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I am making a PHP-based RPG, city-building game. My idea is to create a 9X9 grid for a castle layout with the center 3X3 being the inner castle and upon clicking on that section they will see an 6X6 grid of the inner castle. The players will also be able to acquire tiles of the outer grid turning them into inner castle. Every tile is able to be built upon. What would the best way to represent this in the database, taking scalability into account?

The only approach I have come up so far is a 3-column table with (idcastle, Y, X), X being a string of 18 numbers. I would use substr to see if there is a building on that tile. However, I think that I will run into scalability issues if there are a lot of castles (since each castle requires 18 rows).

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The RPG tag is for a programming language. This question probably belongs on – WarrenT Aug 30 '12 at 17:28
up vote 0 down vote accepted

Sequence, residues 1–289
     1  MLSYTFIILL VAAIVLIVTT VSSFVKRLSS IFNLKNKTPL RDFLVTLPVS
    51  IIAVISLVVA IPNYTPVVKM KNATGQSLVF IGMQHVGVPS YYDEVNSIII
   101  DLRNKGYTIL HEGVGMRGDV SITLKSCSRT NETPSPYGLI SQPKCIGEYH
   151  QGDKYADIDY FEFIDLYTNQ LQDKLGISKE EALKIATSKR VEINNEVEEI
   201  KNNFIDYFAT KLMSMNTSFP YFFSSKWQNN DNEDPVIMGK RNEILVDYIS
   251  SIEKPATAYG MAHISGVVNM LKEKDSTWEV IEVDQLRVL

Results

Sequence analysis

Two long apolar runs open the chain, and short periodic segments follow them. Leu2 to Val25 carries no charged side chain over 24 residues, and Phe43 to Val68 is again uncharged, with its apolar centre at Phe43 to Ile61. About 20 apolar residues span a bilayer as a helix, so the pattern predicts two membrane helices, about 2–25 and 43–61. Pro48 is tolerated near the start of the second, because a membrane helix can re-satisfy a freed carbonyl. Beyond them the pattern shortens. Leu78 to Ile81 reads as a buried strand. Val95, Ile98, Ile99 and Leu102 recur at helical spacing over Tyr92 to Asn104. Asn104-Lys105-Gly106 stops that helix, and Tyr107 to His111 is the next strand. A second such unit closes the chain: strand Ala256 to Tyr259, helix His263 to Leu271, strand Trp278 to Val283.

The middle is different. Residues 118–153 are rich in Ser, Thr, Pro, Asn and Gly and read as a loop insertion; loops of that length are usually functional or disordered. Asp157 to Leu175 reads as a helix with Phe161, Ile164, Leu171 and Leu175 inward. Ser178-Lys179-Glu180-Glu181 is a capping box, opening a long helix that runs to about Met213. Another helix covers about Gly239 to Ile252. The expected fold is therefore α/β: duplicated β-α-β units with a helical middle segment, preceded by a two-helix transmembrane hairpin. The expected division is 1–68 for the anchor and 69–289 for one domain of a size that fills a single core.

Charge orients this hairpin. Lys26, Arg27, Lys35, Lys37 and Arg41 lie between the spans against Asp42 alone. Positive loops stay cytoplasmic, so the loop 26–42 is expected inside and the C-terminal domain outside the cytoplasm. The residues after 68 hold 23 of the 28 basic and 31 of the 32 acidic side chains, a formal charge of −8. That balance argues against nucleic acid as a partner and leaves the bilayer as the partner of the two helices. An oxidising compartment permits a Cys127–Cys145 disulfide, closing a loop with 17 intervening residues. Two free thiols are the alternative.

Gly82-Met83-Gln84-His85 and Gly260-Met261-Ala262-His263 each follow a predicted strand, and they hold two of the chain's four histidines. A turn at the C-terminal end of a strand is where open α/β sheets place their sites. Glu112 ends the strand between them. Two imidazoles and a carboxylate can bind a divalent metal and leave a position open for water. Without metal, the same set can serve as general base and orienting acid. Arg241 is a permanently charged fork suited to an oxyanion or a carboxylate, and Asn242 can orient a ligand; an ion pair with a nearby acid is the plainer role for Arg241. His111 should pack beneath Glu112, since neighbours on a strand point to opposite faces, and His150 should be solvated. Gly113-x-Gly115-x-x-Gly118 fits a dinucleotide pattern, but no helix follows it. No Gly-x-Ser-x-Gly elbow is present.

It depends how you query the database. I would suggest dynamically making your id so it was castleid_x_y_z that way you are only querying against the primary key making it very quick.

Plus use something like redis to handle it as it generally is limited only by network speed. If you have too many castles you would just push people to a second server. You don't even need to worry about scaling as you wouldn't split 1 castle over two servers

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Sorry can you explein the castleid_x_y_z part better? – Rockroxx Aug 30 '12 at 16:27
Instead of using an auto_incrementing ID you are better off setting your own so if caste 1 had a block at 1 x-axis, 1 y-axis and 1 z-axis its id would be 1_1_1_1 that way when you query the database you already know all the info so you join in it your application and then do SELECT * FROM table WHERE id = "1_1_1_1" and you will get better performance then WHERE castleid =1 AND x =1 AND y =1 AND z = 1 – Mike Aug 30 '12 at 16:40
so for an 10X10 grid i have 100 rows? – Rockroxx Aug 30 '12 at 17:03
Depends on if you need to put any data with the individual blocks otherwise you can just make it two columns id and a data column like 1010011010010101010101010010010101010101111001010 to represent the taken blocks – Mike Aug 30 '12 at 17:07

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